While he condescended to make a written record of Marty’s responses, he seemed to have already made up his mind. ‘Why did you withhold this evidence?’
‘I’ve told you already. I didn’t receive the calls. Ask Councillor Winterbotham; I was with him that night. At the time of the alleged calls I was having a drink with him.’
‘Don’t you worry; I’ll talk to him all right. But I want to make it clear. Aiding and abetting a criminal act is a serious offence.’
Marty saw red. ‘For the record, DI Hillock, that is a prejudgement. Councillor Winterbotham is an upstanding member of the community ... and his wife is a cousin of the Chief Constable.’
Hillock just smiled. ‘I’m sure the Councillor is, but I wouldn’t want him to feel pressurised into covering for you. Do we understand each other?’
The second interview started well enough. The DI showed him the Councillor’s statement transcript.
“DI Hemming invited me to participate in a crackdown on illegal prostitution in the north Bristol area. I had been lobbying him for several months; as I have a keen interest - a crusade you might say – to take women off the streets. We had some success – a few girls were cautioned – we finished up in Cloud Nine massage parlour where DI Hemming began checking work permits.
After that, we had a few drinks at the bar. DI Hemming had been on duty eighteen hours – he had been taking Adrafinil to keep awake, but he fell asleep in an armchair.
There was no rush – I was having a bit of banter with one of the girls – but then his phone rang. He had two calls. While he said the tablets were legal, I didn’t want him to get into trouble, and I was a bit worried myself about having to explain why I was in a massage parlour, so I erased the calls.”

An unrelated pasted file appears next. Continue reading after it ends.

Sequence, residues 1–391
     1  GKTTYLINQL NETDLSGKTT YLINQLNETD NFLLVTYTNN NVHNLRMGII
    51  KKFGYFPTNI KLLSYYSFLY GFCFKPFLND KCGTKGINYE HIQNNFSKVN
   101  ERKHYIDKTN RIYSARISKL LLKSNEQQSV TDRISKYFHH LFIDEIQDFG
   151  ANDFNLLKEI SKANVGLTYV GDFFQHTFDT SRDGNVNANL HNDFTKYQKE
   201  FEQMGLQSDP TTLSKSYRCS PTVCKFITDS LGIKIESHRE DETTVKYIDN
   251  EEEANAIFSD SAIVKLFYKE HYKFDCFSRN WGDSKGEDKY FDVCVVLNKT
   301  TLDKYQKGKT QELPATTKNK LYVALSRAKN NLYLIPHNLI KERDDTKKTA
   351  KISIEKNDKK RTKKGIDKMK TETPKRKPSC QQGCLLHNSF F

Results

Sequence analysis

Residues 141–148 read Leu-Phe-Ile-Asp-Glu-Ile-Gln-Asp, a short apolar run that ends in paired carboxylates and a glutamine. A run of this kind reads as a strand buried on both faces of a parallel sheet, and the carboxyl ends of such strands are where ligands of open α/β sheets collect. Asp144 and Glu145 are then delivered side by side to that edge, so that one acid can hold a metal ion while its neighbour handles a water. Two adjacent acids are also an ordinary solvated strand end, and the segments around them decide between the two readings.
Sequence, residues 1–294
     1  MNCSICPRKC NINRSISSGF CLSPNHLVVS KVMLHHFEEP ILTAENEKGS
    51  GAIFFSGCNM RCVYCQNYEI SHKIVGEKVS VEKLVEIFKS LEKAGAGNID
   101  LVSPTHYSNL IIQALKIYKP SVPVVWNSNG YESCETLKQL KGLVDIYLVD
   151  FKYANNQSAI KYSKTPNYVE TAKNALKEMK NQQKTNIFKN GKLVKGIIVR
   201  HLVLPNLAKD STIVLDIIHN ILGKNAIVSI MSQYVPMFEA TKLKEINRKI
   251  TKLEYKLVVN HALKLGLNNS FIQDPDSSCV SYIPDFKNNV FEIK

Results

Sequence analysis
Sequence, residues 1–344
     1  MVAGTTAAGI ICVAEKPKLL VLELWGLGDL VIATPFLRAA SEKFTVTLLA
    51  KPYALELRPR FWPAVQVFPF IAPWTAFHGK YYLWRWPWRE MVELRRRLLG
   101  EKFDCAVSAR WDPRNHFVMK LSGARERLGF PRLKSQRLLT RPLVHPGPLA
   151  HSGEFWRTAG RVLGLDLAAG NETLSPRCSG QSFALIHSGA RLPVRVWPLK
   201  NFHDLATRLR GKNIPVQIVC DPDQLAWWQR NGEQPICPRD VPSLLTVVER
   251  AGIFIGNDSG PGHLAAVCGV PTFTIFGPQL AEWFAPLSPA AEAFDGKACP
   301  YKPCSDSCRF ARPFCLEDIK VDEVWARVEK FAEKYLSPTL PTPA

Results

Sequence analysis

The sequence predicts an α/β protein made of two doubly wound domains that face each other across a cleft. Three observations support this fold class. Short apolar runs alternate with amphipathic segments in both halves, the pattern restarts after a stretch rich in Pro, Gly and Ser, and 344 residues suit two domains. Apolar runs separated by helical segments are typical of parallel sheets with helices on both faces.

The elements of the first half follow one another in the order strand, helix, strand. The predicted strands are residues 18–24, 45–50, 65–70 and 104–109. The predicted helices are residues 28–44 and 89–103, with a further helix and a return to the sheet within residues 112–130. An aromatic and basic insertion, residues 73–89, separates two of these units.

Marty gave a sigh of relief. ‘That’s it then.’
DI Hillock fixed him with a stare. ‘Not quite. I leant on him. You know he’s not a well man; must be the polluted air in Bridleton. It attracts a lot of scum.’
Marty shifted uncomfortably in his seat. ‘What’s that mean?’
‘I told him it was a criminal offence, blah, blah ... I said if he was being pressurised in any way, I would take care of it.’ He leant back, and sneered. ‘And do you know what, he coughed; seems like you have a video of him in a compromising situation. I told him I’d protect him from any media leak if he retracted his statement ... which he’s considering.’
‘So what have you got to say for yourself now, Ex-DI Hemming?’
‘For the record, I deny any complicity.’
DI Hillock started to gather up his documents, preparing to leave. ‘Well that won’t be good enough.’
‘Maybe this will change your mind.’ Marty had come prepared for the worst. ‘I had an “off the record” chat with a couple of your business acquaintances. It seems like you owe several grand to the Creek brothers, as well as owing a few favours ... turning a blind eye ... that sort of thing.’
DI Hillock stopped. ‘How the fuck ...’ he began, but Marty interrupted.
‘Just so we understand one another, I didn’t answer those calls because I’d snorted smack ... I was high as a kite. How the hell was I to know she’d be killed?’